Public Release: 

The hopes of Chinese education migrants

Bielefeld University engaging in joint research with universities in England and China

Bielefeld University


IMAGE: Professor Thomas Faist is running a new project asking Chinese students what motivates them to accept having to travel long distances from home for their studies. view more

Credit: Photo: Bielefeld University/Thomas Abel

This news release is available in German.

Chinese students are the most mobile in the world. At 20 per cent, they are the largest group of international students in the industrialized countries. They also constitute the majority in Germany: every tenth international student comes from China. In a new research project, Bielefeld University is asking Chinese students what they expect to gain from studying in Europe. The project is also surveying students in China who have to travel a long way from home for their studies both inside China and abroad. Bielefeld is working together with the University of Essex (England) and the University of Tsinhua (China) on the project 'Bright Futures' - the first project in the world to study the attitudes and experiences of Chinese students transnationally in Europe and China.

'For China, student mobility is an important economic factor. Students abroad find out about new techniques and knowledge and they import this into their own country,' says Professor Dr. Thomas Faist from Bielefeld University's Faculty of Sociology. 'At the same time, these students hope that migration for education will open up bright future prospects for their careers. Faist is responsible for the German sub-study in the project together with Dr. Basak Bilecen, another researcher at the Faculty of Sociology.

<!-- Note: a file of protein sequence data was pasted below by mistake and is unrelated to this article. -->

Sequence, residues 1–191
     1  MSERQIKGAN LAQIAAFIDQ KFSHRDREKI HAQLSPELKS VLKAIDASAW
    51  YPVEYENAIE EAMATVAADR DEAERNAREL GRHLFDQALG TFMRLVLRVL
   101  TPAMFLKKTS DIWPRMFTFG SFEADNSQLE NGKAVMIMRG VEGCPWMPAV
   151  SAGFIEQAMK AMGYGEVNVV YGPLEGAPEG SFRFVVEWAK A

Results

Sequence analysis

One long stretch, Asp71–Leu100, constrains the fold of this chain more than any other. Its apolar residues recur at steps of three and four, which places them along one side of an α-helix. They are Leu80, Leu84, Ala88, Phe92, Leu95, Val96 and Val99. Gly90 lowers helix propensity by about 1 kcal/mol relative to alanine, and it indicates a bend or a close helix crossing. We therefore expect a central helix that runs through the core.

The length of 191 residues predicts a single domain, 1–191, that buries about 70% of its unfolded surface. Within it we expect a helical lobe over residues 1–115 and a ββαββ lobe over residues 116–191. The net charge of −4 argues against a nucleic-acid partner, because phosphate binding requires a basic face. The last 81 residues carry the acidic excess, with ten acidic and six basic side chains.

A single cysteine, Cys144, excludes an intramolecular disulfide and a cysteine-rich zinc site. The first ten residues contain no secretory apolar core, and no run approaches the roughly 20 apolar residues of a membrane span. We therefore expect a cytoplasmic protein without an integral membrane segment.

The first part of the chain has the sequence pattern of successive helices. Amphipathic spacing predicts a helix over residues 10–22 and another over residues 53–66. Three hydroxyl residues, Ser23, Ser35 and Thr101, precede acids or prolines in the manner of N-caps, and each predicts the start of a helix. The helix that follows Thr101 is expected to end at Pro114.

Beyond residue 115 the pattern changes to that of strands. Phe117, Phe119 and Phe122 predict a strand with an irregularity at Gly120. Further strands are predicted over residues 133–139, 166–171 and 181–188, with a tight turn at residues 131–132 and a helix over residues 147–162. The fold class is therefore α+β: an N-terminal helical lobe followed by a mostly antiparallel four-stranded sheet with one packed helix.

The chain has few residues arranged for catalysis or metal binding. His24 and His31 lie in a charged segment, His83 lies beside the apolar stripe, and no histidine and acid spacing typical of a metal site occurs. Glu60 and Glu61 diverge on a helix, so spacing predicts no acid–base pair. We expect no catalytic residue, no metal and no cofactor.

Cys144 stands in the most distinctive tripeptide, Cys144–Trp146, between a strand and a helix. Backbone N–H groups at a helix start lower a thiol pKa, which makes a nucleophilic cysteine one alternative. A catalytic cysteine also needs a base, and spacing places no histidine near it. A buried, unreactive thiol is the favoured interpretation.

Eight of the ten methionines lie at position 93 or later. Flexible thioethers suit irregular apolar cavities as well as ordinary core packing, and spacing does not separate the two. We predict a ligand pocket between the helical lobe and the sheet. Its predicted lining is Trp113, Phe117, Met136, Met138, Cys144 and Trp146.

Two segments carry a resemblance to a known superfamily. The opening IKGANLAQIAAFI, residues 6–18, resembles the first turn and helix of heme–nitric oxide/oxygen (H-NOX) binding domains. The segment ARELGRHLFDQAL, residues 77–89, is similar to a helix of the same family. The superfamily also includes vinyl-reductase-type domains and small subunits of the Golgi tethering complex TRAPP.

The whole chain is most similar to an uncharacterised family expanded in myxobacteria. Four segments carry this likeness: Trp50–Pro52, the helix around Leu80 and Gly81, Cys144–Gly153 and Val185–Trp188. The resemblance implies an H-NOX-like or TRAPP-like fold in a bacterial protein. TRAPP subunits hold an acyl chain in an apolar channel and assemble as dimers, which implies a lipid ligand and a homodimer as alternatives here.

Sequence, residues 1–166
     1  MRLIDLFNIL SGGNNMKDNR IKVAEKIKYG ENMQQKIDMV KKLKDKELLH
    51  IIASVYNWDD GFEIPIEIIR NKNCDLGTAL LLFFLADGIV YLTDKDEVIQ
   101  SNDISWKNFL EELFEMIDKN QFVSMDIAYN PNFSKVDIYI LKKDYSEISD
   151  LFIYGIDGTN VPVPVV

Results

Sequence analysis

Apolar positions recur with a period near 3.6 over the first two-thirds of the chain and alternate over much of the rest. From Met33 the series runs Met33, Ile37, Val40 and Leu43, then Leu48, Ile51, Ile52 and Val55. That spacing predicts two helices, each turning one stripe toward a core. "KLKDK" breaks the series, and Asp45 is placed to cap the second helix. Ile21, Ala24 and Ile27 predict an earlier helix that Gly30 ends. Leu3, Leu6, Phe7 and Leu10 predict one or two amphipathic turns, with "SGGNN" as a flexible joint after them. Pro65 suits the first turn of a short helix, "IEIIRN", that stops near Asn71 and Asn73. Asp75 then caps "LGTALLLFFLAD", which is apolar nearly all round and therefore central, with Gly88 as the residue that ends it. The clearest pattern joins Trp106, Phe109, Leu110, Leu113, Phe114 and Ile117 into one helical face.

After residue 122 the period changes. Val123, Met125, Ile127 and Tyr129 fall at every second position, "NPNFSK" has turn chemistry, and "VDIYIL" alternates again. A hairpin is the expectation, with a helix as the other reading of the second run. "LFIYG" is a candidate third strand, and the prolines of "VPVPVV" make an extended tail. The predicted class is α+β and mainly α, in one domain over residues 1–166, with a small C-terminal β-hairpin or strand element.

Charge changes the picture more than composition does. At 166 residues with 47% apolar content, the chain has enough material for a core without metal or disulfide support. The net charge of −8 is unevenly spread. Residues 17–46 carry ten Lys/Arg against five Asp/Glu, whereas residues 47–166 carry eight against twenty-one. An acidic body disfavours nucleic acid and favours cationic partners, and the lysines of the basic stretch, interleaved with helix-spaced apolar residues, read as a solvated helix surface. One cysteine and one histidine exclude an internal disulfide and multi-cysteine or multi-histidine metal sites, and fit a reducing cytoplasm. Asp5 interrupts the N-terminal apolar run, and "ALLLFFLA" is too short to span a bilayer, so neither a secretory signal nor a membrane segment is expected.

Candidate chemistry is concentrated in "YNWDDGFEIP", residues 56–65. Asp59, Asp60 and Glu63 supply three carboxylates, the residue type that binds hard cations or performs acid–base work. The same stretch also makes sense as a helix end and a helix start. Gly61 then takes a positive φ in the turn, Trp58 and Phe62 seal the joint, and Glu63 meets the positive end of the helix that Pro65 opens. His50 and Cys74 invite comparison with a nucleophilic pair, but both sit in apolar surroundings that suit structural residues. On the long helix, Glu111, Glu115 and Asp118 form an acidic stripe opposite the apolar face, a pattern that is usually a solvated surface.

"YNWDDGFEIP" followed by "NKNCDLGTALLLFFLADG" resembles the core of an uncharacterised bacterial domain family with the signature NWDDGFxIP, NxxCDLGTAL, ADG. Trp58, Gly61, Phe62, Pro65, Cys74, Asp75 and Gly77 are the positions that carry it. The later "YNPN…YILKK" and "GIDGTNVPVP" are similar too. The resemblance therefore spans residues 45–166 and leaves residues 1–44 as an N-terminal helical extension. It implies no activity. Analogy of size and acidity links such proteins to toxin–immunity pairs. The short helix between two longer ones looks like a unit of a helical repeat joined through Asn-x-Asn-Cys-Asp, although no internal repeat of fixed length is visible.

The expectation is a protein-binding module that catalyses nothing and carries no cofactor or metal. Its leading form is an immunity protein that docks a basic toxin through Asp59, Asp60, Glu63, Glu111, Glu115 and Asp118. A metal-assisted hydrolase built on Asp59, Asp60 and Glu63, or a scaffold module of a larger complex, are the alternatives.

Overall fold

'The desire to improve their life situation through higher education is what makes millions of young people spend some time abroad,' says Basak Bilecen. 'When they return, they often bring back alternative ideologies with them. They also cultivate their friendships with fellow students from abroad. That all helps to internationalize China,' she explains.

Student migration also plays an important role within China, says Thomas Faist. 'Nowadays, more Chinese people live in cities than in the country. Some of these are young people who leave their parental homes to study in one of the major Chinese cities. We estimate that about 45 million students have moved from the country to the city for their higher education.'

The new project is comparing the experiences of Chinese students in both Europe and China. One of the topics being analysed is which sectors of the population the students come from. The researchers are also studying how experiences abroad affect the life plans of young people. For example, educational migration can lead students to change their original plans and set themselves completely new goals - either regarding their careers or where they live. The scientists are also asking what students expect to gain from what is often very expensive higher education, and how educational institutions shape their expectations and their study options.

The full title of the project is 'Bright Futures: A Comparative Study of Internal and International Mobility of Chinese Higher Education Students'. It will run for 3 years and receive 2 million Euros funding. Approximately 600,000 Euros will go to Bielefeld University. This will come from the German Research Foundation (DFG). In China, the study is being funded by the National Natural Science Foundation of China (NSFC); in England, by the Economic and Social Research Council (ESRC).



Prof. Thomas Faist PhD, Bielefeld University
Faculty of Sociology
Telephone: +49 521 106-4650

Dr. Basak Bilecen, Bielefeld University
Faculty of Sociology
Telephone: +49 521 106-4631

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